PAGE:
In the basement, former store rooms have been remodelled to create an iPod controlled seven seater cinema room with fully reclining seats, surround sound, Sky HD television and projector screen.
The two adjoining rooms provide an ideal space for a gymnasium and studio. Across the passage are a well equipped laundry room and a wine cellar with vaulted ceiling.
Cassillis was acquired by the present owner in 2009 and has since undergone a substantial renovation transforming one of Scotland’s most historic houses into a sumptuous property suitable for commercial use and fit for the future.
Cassillis was owned and occupied by the Kennedy family from the early 15th century until 2009. It is believed that the original castle was built sometime between 1404 and 1454 after the lands were granted by charter to the Kennedy’s after a marriage with a local heiress. It was from here that David Kennedy, First Earl of Cassillis, took his title in 1502.
The Earls of Cassillis wielded such power over South West Scotland in the 16th and early 17th centuries that they were known as the Kings of Carrick. ‘The history of the turbulent Kings of Carrick,’ wrote Nigel Tranter, ‘was one long catalogue of violence, savagery, and sudden death.’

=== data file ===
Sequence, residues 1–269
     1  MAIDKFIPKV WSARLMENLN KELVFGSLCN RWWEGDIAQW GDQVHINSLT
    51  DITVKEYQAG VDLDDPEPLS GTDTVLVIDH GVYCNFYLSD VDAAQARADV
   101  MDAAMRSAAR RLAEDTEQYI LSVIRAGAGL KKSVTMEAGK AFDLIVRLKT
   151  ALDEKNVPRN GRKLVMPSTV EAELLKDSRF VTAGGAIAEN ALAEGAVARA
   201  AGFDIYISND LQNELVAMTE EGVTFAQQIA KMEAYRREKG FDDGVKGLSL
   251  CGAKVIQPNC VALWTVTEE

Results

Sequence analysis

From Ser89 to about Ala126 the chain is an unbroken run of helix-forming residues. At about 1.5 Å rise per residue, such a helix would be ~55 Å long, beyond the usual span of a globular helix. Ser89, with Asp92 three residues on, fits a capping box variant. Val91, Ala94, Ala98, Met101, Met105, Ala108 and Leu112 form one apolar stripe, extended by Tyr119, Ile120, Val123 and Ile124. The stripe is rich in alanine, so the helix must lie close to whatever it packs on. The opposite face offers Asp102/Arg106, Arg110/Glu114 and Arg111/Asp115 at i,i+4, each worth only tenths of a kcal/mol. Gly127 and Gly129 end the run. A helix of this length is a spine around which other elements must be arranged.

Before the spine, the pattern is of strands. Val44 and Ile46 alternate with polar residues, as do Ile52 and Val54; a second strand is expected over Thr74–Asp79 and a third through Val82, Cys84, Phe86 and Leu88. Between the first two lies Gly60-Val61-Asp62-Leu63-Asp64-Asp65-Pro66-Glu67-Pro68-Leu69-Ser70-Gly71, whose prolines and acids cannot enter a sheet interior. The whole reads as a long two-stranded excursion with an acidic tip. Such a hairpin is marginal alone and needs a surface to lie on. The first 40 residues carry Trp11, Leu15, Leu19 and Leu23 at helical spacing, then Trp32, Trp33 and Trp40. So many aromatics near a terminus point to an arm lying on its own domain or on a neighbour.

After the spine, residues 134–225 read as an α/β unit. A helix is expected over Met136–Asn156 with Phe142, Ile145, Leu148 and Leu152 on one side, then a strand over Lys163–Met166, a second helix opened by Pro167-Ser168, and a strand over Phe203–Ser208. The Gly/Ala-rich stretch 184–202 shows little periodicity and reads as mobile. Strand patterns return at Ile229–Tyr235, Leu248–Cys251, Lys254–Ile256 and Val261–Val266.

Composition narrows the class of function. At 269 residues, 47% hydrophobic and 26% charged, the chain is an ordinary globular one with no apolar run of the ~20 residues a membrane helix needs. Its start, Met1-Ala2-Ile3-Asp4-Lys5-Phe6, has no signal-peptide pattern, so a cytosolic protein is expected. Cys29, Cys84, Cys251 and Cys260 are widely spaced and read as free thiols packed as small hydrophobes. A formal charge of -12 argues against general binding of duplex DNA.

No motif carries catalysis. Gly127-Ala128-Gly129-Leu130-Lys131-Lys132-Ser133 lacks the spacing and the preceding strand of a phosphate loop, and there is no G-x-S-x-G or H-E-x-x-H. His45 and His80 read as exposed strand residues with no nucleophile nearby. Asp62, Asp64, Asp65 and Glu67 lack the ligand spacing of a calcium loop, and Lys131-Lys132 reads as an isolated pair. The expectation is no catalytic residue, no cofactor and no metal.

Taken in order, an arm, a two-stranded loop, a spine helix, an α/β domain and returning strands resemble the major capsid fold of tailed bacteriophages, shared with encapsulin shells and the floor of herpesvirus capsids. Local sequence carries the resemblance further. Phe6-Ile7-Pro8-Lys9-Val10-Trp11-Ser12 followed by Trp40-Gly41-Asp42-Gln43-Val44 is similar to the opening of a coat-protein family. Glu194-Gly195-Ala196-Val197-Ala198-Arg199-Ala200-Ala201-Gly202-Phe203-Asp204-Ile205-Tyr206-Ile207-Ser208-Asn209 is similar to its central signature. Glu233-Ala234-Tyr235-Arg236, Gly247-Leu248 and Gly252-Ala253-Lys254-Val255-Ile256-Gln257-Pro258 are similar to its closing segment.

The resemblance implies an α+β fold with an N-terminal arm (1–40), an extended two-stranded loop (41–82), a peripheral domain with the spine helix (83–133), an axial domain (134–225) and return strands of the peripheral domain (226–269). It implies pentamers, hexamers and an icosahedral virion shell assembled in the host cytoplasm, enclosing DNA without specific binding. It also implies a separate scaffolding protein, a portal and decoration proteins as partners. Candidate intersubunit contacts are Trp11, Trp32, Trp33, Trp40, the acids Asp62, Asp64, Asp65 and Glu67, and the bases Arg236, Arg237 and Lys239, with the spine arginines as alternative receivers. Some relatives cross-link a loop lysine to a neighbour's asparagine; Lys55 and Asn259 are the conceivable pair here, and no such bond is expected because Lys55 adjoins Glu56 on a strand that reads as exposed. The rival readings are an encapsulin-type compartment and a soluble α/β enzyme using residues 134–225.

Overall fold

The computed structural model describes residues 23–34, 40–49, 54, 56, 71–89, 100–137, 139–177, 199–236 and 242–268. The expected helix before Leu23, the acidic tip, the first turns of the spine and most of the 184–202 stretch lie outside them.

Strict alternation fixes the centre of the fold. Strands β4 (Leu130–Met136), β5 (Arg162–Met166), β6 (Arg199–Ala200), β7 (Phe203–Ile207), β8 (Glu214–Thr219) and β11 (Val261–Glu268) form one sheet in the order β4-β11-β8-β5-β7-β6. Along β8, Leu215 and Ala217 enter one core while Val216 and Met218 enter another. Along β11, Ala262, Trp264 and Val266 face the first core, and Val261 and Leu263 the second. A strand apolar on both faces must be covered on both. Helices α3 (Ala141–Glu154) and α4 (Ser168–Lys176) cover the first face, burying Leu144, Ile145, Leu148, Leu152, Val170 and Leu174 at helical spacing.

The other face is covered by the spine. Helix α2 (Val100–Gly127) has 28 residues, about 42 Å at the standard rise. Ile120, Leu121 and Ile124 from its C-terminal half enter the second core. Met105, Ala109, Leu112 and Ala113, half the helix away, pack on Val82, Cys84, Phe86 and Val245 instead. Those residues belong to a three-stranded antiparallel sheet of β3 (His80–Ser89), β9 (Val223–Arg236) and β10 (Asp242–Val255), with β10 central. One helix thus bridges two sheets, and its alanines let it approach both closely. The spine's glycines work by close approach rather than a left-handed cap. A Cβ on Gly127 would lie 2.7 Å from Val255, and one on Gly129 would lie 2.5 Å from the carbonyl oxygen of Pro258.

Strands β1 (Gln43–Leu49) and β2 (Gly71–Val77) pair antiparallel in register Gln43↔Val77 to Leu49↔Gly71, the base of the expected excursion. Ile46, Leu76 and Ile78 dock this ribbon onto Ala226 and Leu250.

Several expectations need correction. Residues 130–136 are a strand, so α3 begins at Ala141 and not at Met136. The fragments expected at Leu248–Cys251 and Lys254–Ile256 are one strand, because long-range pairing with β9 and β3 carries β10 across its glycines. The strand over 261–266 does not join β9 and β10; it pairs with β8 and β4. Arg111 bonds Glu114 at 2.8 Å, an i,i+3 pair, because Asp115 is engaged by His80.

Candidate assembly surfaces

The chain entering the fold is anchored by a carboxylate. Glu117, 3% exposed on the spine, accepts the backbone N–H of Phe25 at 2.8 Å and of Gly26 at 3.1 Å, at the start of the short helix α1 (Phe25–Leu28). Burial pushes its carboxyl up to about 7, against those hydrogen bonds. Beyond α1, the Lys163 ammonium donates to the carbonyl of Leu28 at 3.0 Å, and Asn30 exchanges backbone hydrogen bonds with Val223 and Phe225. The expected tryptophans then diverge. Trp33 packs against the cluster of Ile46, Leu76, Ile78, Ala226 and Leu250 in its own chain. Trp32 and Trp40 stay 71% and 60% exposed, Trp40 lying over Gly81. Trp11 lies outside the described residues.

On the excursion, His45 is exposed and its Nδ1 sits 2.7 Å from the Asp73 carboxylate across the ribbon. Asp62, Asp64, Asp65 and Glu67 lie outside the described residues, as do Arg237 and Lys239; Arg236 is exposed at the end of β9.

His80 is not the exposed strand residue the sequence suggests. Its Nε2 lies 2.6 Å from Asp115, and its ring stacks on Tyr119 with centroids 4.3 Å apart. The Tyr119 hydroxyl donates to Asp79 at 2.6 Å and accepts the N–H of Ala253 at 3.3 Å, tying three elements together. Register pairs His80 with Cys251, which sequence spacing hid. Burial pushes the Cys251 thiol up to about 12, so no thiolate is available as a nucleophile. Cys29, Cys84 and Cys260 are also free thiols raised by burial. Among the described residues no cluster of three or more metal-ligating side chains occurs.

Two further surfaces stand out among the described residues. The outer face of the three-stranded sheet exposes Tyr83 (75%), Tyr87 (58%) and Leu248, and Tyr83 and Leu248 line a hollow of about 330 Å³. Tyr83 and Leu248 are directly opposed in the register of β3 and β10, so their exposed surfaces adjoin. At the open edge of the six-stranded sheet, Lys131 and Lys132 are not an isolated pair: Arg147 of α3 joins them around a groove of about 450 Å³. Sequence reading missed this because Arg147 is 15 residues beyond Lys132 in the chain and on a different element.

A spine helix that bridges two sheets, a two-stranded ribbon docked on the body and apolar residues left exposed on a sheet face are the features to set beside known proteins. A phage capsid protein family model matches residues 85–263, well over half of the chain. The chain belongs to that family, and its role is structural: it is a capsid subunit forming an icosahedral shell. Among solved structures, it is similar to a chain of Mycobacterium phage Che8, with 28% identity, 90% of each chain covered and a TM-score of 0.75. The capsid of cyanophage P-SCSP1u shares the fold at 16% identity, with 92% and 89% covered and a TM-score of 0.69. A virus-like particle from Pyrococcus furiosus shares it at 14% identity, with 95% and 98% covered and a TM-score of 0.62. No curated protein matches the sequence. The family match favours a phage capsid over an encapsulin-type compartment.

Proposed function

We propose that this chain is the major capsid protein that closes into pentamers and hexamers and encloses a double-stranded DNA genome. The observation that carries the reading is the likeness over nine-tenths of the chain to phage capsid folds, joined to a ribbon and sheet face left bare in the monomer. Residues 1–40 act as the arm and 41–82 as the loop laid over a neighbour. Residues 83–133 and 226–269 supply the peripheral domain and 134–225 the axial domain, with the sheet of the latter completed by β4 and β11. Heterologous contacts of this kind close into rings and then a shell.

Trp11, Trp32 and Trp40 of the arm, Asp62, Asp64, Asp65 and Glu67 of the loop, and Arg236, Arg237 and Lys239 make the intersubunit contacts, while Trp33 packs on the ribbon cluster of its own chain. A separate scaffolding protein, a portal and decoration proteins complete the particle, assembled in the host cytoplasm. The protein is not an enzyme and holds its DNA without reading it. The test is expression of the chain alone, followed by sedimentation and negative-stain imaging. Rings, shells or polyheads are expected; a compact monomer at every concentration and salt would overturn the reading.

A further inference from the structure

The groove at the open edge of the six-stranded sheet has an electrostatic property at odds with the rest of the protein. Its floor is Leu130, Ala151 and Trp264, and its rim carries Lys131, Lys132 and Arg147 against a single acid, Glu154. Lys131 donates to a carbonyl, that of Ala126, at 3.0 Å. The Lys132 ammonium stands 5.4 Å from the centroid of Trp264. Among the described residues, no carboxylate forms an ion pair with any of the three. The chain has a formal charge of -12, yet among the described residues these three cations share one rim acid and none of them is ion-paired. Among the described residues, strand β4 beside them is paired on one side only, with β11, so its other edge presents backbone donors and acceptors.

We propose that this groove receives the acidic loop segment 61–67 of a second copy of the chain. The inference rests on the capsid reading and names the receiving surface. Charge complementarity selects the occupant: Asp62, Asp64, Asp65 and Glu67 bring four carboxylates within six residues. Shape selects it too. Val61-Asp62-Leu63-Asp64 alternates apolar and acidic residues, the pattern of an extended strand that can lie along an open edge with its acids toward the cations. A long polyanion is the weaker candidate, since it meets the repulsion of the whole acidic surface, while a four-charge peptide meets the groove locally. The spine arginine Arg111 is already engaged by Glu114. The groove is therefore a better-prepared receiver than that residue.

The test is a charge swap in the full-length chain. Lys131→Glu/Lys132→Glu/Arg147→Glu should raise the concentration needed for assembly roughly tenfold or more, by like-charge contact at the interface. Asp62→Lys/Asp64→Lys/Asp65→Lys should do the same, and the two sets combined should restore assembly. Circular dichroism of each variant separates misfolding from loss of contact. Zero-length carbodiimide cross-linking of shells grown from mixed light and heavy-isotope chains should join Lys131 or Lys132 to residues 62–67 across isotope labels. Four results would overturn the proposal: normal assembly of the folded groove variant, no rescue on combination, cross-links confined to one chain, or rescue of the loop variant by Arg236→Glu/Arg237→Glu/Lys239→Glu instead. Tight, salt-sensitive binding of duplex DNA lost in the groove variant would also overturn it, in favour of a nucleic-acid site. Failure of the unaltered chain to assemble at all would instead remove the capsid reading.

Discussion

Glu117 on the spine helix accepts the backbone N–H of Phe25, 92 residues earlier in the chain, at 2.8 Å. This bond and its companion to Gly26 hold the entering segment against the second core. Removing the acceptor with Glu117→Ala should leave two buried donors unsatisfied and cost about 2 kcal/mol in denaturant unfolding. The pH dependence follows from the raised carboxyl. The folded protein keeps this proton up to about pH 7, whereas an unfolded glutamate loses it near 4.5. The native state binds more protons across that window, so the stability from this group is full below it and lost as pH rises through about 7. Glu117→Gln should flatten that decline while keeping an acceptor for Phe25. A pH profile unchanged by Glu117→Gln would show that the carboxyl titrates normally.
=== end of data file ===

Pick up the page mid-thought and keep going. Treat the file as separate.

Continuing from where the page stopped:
In more settled times, the earldom passed in 1759 to Sir Thomas Kennedy of Culzean, and Culzean Castle became the family seat. Culzean was presented to the National Trust for Scotland in 1945 by the 5th Marquess of Ailsa and in the 1950s the family took up residence once again at Cassillis.
The castle, with attendant gate lodge, garden cottage and walled garden, coach house and stable block, stands in 310 acres of policies and grass parks in rolling South Ayrshire countryside only a short distance from the coast.
Ayr is about 7 miles to the north and provides a wide range of shops, supermarkets, professional services and schools, most notably Wellington School which offers private coeducation.
The Ayrshire coast is famous worldwide for golf, with championship courses at Royal Troon, Prestwick and Turnberry, all of which have hosted the Open Championship. Ayr Racecourse has regular race meetings and hosts the Scottish Grand National. Glasgow City Centre is easily accessible by both rail and road and is widely regarded as a vibrant and dynamic city with one of the UK’s best shopping districts. Edinburgh, Scotland’s famous capital city, lies just over 93 miles to the northeast.
The south west of Scotland is noted for its field sports, including pheasant, partridge and grouse shooting. Red, roe and fallow deer stalking is also readily available. Only a short distance to the north is the popular sailing area of the Firth of Clyde with yachting marinas at Troon, and further up the coast at Largs and Inverkip.
Prestwick Airport is about 3 miles to the north of Ayr and has services to many European destinations. Glasgow Airport (45 miles) and Edinburgh Airport (81 miles) provide a wide range of domestic, European and international flights.
The agents will consider offers over £3.9million.
Click HERE for more details.